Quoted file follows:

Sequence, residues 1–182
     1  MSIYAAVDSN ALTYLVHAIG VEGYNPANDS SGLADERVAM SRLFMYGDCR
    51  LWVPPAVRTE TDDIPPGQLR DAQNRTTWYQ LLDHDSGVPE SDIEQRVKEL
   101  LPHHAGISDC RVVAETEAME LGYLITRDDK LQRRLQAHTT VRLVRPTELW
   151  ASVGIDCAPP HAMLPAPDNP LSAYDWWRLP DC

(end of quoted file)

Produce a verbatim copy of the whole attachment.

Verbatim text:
Sequence, residues 1–182
     1  MSIYAAVDSN ALTYLVHAIG VEGYNPANDS SGLADERVAM SRLFMYGDCR
    51  LWVPPAVRTE TDDIPPGQLR DAQNRTTWYQ LLDHDSGVPE SDIEQRVKEL
   101  LPHHAGISDC RVVAETEAME LGYLITRDDK LQRRLQAHTT VRLVRPTELW
   151  ASVGIDCAPP HAMLPAPDNP LSAYDWWRLP DC